Our fridge, freezer, and pantry are full of fresh food. Our bookcases are full of Do It Yourself, How To…, and every Storey’s Guide that has been printed. Our hands are full of scratches, scars, and callouses. Our minds are full of plans to expand the herb beds, schemes to keep the bucks in their pen despite the proximity of the does, and dreams of teaching the pony to pull a cart (remember all that compost?). Our kids’ lives are full of chores, wet noses, secret trails through the woods, fishing in the pond with leftovers, and impromptu bonfires.
Yes, I love that farming is full of life. Full to the brim. Maybe even overflowing.
Oh, there is an occasional Saturday morning when I imagine what it would be like to wake up with nothing to do. Instead of waking to the sound of the ducks flapping around on the windowsill, wondering if I am ever coming out with their breakfast. And I’ve heard that some people spend Sunday afternoon taking a nap. As if Sunday after church isn’t the perfect time for strolling the aisles of Southern States, choosing a new halter for the pony and getting fresh oyster shell for the chickens. I guess, in the end, I wouldn’t trade a full life for a nap or an extra hour of sleep.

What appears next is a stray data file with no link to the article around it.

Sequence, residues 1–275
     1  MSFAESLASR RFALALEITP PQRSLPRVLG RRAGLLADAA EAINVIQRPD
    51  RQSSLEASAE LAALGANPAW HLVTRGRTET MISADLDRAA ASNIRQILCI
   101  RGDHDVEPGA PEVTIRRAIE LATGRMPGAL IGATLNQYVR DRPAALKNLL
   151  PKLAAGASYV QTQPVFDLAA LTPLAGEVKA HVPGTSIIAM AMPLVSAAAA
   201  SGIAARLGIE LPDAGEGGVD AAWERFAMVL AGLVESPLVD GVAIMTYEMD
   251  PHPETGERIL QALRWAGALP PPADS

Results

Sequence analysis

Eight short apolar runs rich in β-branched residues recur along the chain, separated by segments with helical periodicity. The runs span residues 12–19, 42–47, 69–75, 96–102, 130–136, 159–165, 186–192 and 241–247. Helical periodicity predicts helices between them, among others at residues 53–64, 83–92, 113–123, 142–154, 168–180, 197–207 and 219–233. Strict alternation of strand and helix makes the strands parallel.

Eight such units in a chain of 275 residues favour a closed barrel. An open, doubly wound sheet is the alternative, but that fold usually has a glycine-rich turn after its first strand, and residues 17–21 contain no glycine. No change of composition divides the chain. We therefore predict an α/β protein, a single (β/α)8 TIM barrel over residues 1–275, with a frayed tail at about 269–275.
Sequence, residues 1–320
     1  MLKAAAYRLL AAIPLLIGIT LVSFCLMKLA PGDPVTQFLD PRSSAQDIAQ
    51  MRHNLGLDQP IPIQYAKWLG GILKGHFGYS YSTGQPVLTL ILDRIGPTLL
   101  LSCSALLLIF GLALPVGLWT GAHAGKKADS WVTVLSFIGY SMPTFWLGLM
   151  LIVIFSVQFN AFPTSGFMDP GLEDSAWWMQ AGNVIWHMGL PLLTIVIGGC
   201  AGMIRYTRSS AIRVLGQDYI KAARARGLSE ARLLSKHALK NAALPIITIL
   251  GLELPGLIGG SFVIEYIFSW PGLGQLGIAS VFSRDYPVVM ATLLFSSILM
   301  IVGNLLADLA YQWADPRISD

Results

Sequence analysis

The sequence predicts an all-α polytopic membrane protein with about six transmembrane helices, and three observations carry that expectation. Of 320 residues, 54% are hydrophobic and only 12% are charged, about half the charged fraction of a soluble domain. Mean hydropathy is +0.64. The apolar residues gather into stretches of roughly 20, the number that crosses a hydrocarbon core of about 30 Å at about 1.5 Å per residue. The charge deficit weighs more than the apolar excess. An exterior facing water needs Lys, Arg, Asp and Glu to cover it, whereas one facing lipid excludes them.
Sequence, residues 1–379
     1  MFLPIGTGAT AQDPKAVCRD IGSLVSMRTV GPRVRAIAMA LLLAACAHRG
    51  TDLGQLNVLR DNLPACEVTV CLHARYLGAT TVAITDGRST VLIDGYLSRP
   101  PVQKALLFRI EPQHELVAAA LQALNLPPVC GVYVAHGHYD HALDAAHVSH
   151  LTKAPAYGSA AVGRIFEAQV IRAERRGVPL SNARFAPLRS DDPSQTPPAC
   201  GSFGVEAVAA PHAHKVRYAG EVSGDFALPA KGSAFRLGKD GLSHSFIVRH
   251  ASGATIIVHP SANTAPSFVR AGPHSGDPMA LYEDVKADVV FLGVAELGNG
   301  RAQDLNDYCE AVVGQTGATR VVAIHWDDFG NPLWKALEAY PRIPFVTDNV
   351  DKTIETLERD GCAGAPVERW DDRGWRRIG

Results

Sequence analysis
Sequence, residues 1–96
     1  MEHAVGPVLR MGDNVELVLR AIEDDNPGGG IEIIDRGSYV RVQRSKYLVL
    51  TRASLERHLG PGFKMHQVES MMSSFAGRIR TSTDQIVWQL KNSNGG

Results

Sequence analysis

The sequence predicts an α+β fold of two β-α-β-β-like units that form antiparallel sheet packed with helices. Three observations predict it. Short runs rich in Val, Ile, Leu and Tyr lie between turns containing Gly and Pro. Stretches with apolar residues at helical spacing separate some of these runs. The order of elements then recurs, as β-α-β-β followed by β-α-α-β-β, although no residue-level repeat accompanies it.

But I admit that I almost didn’t enter this contest. I sat on the deck watching the ducks swimming in the pond, the chickens scratching in the compost, the goats nibbling the hay roll, and the pony giving herself a dust bath, and thought that maybe we were full up right now. So I called down to the kids who were adding fresh cedar saplings to their latest teepee.
“Hey, guys, what would we do if we had a calf?”
My oldest son snorted, “Gee, mom, put it in the barn.”
He’s experimenting with sarcasm in preparation for his teen years.
My daughter squealed with delight and gushed, “Are we getting a calf? Can we get her today? Can I name her? Can she sleep in my bed?”
OK, I made up that last question. But don’t think she wouldn’t ask if she thought I would let her.